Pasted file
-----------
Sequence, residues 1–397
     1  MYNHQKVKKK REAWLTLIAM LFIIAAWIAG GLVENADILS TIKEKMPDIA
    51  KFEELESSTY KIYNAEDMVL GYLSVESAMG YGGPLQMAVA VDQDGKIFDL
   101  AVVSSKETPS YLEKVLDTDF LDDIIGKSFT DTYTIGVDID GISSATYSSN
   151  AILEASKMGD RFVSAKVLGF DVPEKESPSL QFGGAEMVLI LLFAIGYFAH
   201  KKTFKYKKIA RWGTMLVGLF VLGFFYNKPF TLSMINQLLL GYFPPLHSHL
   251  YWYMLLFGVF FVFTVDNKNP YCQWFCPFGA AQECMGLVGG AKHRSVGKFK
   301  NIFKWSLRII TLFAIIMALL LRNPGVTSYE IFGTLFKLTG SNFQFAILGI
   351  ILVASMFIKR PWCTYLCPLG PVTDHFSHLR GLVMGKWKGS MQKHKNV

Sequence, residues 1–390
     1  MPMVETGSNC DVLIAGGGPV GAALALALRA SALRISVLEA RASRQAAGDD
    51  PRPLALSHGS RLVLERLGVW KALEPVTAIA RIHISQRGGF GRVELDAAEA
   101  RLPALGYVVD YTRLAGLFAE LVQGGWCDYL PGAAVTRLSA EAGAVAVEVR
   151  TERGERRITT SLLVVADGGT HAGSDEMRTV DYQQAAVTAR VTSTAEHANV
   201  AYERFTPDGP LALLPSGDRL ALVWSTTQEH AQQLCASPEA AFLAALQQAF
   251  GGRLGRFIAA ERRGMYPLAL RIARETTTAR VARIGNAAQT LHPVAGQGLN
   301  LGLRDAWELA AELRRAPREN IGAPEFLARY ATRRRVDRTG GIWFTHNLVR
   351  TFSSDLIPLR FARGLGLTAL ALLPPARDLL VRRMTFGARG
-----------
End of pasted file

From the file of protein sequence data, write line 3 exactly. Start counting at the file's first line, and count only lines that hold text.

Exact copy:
    51  KFEELESSTY KIYNAEDMVL GYLSVESAMG YGGPLQMAVA VDQDGKIFDL